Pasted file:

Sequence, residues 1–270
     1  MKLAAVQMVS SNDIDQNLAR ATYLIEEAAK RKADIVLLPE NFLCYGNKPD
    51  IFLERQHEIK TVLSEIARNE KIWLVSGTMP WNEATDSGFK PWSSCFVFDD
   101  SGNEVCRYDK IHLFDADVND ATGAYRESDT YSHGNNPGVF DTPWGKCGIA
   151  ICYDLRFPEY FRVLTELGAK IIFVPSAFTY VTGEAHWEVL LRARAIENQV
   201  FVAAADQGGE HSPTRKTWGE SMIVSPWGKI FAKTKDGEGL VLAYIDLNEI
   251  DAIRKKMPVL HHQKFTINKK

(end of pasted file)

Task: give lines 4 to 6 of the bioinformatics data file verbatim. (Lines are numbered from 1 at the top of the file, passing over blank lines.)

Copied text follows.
   101  SGNEVCRYDK IHLFDADVND ATGAYRESDT YSHGNNPGVF DTPWGKCGIA
   151  ICYDLRFPEY FRVLTELGAK IIFVPSAFTY VTGEAHWEVL LRARAIENQV
   201  FVAAADQGGE HSPTRKTWGE SMIVSPWGKI FAKTKDGEGL VLAYIDLNEI